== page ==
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Train climbing roses as they start to grow

Train climbing roses as they start to grow, so you end up with a lovely even screen of foliage and flowers across your wall.

Roses flower most prolifically when their stems are held horizontal, as that encourages them to send out lots of smaller flower-bearing sideshoots. So aim for a series of branches arching out on each side from the main stem, tied in to their supports at regular intervals up the wall.

If you're growing your roses up a pillar or obelisk, the same effect can ...

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April's plant of the month is the lavender

April's plant of the month is the lavender, one of the best-known and best-loved of all the herbs. It's got it all: fragrant, well-behaved, and versatile enough to grow in borders, as a hedge or to edge a path in a romantic cottage garden. The beautifully scented violet-blue flowers, adored by bees, can be dried for pot pourris and scented lavender bags, or baked into fragrant cookies.

Most varieties grow to about 75cm tall, making bushy, evergreen shrubs with a silvery-grey tinge to t...

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Happy Easter!

Happy Easter! The biggest gardening weekend of the year is almost upon us, with an extra two whole days to unwrap the garden from its winter slumbers and spruce it up ready for the year ahead.

Here are our top five ideas for enjoying your garden this Bank Holiday weekend – and long afterwards, too.

  • Sow a mini veg garden: you'll find ready-made raised bed kits from your favourite garden centre which slot together in minutes and fit onto even the tiniest pat...
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Divide clumps of snowdrops

Divide clumps of snowdrops while they're still 'in the green'  that is, while they still have their leaves. It's by far the best time to do it as they're still growing actively, putting down roots before they die down for the summer.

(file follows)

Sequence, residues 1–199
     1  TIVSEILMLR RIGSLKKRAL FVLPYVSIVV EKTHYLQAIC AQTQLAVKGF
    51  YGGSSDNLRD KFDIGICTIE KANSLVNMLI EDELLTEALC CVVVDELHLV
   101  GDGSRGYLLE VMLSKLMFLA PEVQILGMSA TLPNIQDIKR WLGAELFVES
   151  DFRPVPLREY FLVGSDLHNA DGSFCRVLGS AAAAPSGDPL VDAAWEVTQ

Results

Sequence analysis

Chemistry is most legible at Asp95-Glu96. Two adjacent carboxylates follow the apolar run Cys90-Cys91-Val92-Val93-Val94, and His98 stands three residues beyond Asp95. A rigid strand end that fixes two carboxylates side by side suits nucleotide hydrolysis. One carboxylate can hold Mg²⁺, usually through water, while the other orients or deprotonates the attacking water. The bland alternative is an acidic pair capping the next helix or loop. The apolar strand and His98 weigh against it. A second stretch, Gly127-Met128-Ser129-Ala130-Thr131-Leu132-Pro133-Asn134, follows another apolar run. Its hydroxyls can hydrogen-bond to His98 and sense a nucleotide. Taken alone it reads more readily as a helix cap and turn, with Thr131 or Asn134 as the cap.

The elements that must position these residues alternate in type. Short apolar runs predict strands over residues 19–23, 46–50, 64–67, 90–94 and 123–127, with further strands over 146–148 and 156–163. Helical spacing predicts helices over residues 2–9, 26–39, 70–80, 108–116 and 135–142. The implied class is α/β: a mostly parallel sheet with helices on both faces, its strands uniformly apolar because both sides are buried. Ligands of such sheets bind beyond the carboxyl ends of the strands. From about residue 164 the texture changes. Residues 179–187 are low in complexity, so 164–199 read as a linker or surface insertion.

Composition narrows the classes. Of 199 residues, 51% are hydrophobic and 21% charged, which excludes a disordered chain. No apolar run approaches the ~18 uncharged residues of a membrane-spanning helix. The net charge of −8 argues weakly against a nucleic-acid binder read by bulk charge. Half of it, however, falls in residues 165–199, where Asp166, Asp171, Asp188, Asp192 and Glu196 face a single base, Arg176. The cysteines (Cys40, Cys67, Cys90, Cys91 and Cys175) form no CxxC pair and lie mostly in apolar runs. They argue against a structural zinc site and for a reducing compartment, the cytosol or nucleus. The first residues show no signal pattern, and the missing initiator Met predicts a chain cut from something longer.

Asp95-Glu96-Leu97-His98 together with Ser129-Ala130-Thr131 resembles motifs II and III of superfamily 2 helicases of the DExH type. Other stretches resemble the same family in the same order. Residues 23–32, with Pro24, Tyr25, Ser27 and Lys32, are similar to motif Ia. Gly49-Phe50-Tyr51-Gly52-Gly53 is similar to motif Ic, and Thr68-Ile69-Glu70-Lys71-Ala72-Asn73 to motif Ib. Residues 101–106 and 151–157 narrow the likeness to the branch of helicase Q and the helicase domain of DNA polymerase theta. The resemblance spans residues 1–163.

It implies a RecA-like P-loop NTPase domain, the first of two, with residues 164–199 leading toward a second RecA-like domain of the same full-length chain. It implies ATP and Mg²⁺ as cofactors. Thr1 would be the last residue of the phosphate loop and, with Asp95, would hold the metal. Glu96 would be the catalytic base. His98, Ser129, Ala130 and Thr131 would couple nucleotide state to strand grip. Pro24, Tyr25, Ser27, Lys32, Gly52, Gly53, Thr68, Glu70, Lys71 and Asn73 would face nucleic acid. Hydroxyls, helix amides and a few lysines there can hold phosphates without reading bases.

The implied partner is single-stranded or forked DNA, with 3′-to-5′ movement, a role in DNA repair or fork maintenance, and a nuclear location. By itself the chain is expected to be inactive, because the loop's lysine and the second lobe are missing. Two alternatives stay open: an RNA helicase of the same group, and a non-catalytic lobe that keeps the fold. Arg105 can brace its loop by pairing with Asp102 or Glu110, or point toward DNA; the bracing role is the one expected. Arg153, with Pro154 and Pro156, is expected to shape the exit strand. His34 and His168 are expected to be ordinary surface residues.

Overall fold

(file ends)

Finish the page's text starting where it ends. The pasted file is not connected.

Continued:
Choose the place you're going to plant them carefully: they're woodlanders, so prefer dappled shade (they're happiest planted in carpets around the feet of trees or shrubs). Clear any weeds, and dig in a good few forkfuls of well-rotted organic matter...

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Start sowing vegetables

Start sowing vegetables this week as long as the weather is good: it's the ideal time to get most hardy crops into the ground. If it's cold or the weather is wet, though, hold off another week: later sowings will catch up quickly, and it's better not to risk losing your seeds to damp or frost.

You'll find seed for lots of crops you can sow direct now in your favourite garden centre, including carrots, lettuce, beetroot and turnips. Look out for early varieties of pea, like 'Meteor', an...

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Cut back dogwoods hard this week

Cut back dogwoods hard this week to encourage those wonderful brilliantly coloured young stems which shine out so beautifully in a winter border. If you haven't got them in your garden already, you'll find a great choice in your favourite garden centre: Cornus alba 'Sibirica' is the one to choose if you want the richest scarlets, or for a clear limey yellow go for Cornus sericea 'Flaviramea'. The two make a lovely contrasting pair planted together.

Pruning these hardy, easy-to-grow shr...